Currently, 34 vaccine candidates for the novel coronavirus are in various stages of clinical development, according to the World Health Organization (WHO). However, the process is long, typically many years. In the race for a vaccine, there is some debate on the merits of rushing through the process.

The vaccines process is long because there are 3 phases of trials. The first two trials focus on effectiveness—does the vaccine work or not. This is a relatively straightforward question and it can be proven in relatively small sample sizes. So, just a few hundred people are needed to test it. However, Phase 3 is used to prove the safety and efficacy of the vaccine—does it have significant side-effects, is it safe for people with compromised immune systems, and can everyone use it?

A mascot for the pandemic

Mascots, or yuru-kyara, are incredibly popular in Japan. There are yuru-kyara for everything, from sports teams to prefectures to a toilet disinfectant (seriously). Now they're offering the world a mascot for the novel coronavirus pandemic.

The yōkai (supernatural being) Amabié was first described in 1846, during a series of severe epidemics in Japan. It has three legs, a fish-like body, and the head of a bird with long, flowing hair. The original story goes that Amabié was spotted by an unnamed man on top of the ocean waves, glowing with a strange light. It gave its name to the man and prophesied a good harvest. Then Amabié said, "Should an epidemic come, draw me and show me to those who fall ill and they will be cured,” and disappeared into the water, supposedly never to be seen again.

Facial masks and deafness

Around 48 million people have some degree of hearing loss. Given the rise of wearing face masks in public, hearing-impaired people are struggling to understand those wearing ordinary masks as they muffle their voices. One way to solve this problem is to put on masks with clear windows.

When wearing such a mask, people can see your lips, which allows the deaf or hard-of-hearing to lipread and see facial expressions.

Alicia Austin teaches infants and children who are deaf or hard-of-hearing. Currently, Austin has many online lessons with her students, and she says that wearing a mask can make communication problematic. She says that children need to see facial expressions and recognition to learn, even if they do not have a hearing disability.

Surge in online grocery shopping

According to CNN, the outbreak of the coronavirus is pushing many Americans to buy their groceries online. With shoppers stuck in their homes, downloads of Walmart's grocery app and Shipt increased by 160%, and 124%, respectively, in early March compared with the same period last year. Instacart more than tripled, increasing by 218%!

While shopping for books and electronics online, and ordering dinner through delivery apps, have become the norm in American life, before the coronavirus outbreak most customers still preferred to purchase their meat and vegetables at the store. Last year, only 4% of grocery sales in the United States were made online.

According to a survey by analysts at Gordon Haskett Research Advisor, a third of consumers said that they had purchased groceries for online pickup or delivery in March, 2020. Around 41% said they were buying groceries online for the first time.

Consultancy will survive COVID-19

The novel coronavirus COVID-19 has impacted the consulting industry in ways that seem potentially ruinous. But do not lose hope. Yes, consultants are used to traveling a lot, and widespread travel restrictions make that impossible. And much of consultancy work is done face-to-face in internal and client meetings, which can’t be done when gatherings are prohibited. There is also the fear that businesses will suspend contracts in the economic downturn.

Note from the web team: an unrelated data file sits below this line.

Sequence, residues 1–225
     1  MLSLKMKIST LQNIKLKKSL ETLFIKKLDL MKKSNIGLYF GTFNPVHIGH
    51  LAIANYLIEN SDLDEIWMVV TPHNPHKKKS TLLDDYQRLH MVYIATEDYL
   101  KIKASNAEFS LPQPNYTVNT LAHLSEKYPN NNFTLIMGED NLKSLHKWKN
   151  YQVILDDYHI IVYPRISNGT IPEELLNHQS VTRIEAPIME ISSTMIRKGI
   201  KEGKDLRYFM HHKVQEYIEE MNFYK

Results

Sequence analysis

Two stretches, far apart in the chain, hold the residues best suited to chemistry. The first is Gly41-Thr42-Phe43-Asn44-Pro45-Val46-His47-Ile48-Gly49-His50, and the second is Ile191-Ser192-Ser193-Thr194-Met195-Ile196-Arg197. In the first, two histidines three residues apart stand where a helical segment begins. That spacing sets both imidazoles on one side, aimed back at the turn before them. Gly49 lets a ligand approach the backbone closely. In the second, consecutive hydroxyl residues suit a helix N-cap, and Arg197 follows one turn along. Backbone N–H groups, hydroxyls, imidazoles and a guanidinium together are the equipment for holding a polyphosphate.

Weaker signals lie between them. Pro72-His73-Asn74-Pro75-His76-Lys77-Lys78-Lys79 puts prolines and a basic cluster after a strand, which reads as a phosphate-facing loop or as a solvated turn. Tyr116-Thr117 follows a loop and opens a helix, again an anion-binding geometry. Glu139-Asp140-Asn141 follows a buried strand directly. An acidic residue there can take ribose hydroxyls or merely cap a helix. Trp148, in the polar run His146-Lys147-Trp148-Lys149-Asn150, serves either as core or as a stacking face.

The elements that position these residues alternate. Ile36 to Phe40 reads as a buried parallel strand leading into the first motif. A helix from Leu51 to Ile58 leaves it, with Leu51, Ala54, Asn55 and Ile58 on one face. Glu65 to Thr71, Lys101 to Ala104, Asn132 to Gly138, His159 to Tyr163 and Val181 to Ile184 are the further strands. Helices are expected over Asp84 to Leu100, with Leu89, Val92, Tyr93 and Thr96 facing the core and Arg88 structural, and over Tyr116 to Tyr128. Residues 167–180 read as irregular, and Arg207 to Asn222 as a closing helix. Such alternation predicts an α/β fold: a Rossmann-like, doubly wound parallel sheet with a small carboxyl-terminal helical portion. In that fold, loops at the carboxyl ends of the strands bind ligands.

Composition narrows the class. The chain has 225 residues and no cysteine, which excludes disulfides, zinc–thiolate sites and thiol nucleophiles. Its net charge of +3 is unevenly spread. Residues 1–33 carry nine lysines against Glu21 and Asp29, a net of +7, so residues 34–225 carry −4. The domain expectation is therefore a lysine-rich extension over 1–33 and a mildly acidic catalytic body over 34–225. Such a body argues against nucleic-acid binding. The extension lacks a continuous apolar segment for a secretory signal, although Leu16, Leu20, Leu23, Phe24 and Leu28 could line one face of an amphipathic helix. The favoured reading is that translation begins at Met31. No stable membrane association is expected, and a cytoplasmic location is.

But we have an advantage this time that we haven't had in past catastrophes. We have the internet. We can have virtual meetings, share documents online and even give presentations with conference software that lets everyone be in the same “room” at the same time. So travel restrictions are less disruptive than in the past—people can do much of what’s needed almost as well from home.

COVID-19 overloads the internet

Many businesses are asking their employees to work from home to help stop the spread of COVID-19.  Suddenly workers need to use telecommuting networks all day long. It’s putting a huge demand on internet services. 

Also, many schools have been closed. So children are home doing classwork online and watching videos or playing games. In Italy, internet usage went up by 90% in March when schools were closed. 

So home network providers are being tested in a way they never have before. Large providers say they can handle it, but no one knows when this situation will end. Hopefully the internet will keep working until then.

COVID-19: A global economic crisis

This simple equation is at the heart of the global economy: One person’s spending = another person’s income.

It’s referred to as “supply and demand”—producers will supply as much as consumers demand. So if consumers aren’t buying anything, producers won’t be able to sell anything. In other words, whenever you buy something, you pay someone else’s wages.

So the current COVID-19 pandemic is not just a global health crisis but also an economic one. When people are told to stay at home, they stop going to restaurants, bars, and movies. They can’t travel, so they don’t spend money on gas or airfare, and they don’t stay at hotels. And when no more than 10 people can be together in one place, everything from birthday parties to music festivals to major world sports events are canceled.

Netizens shame COVID-19 profiteers

The Japan Times published an opinion piece arguing that the issue of people hoarding surgical masks has served to show people’s true nature. It notes that the outbreak has resulted in the spread of fake news and racism, and some unscrupulous people have been reselling face masks and even toilet paper at highly inflated prices on sites such as Mercari.

The author says that social media has also become a tool for shaming those engaged in bad behavior in Japan. Sites such as Twitter have made it simpler to spread footage of morally dubious activity. For instance, users uncovered truly ridiculous posts, including one in which 35 packs of masks were being sold for ¥75,000 by someone who claimed to have risked their health getting them.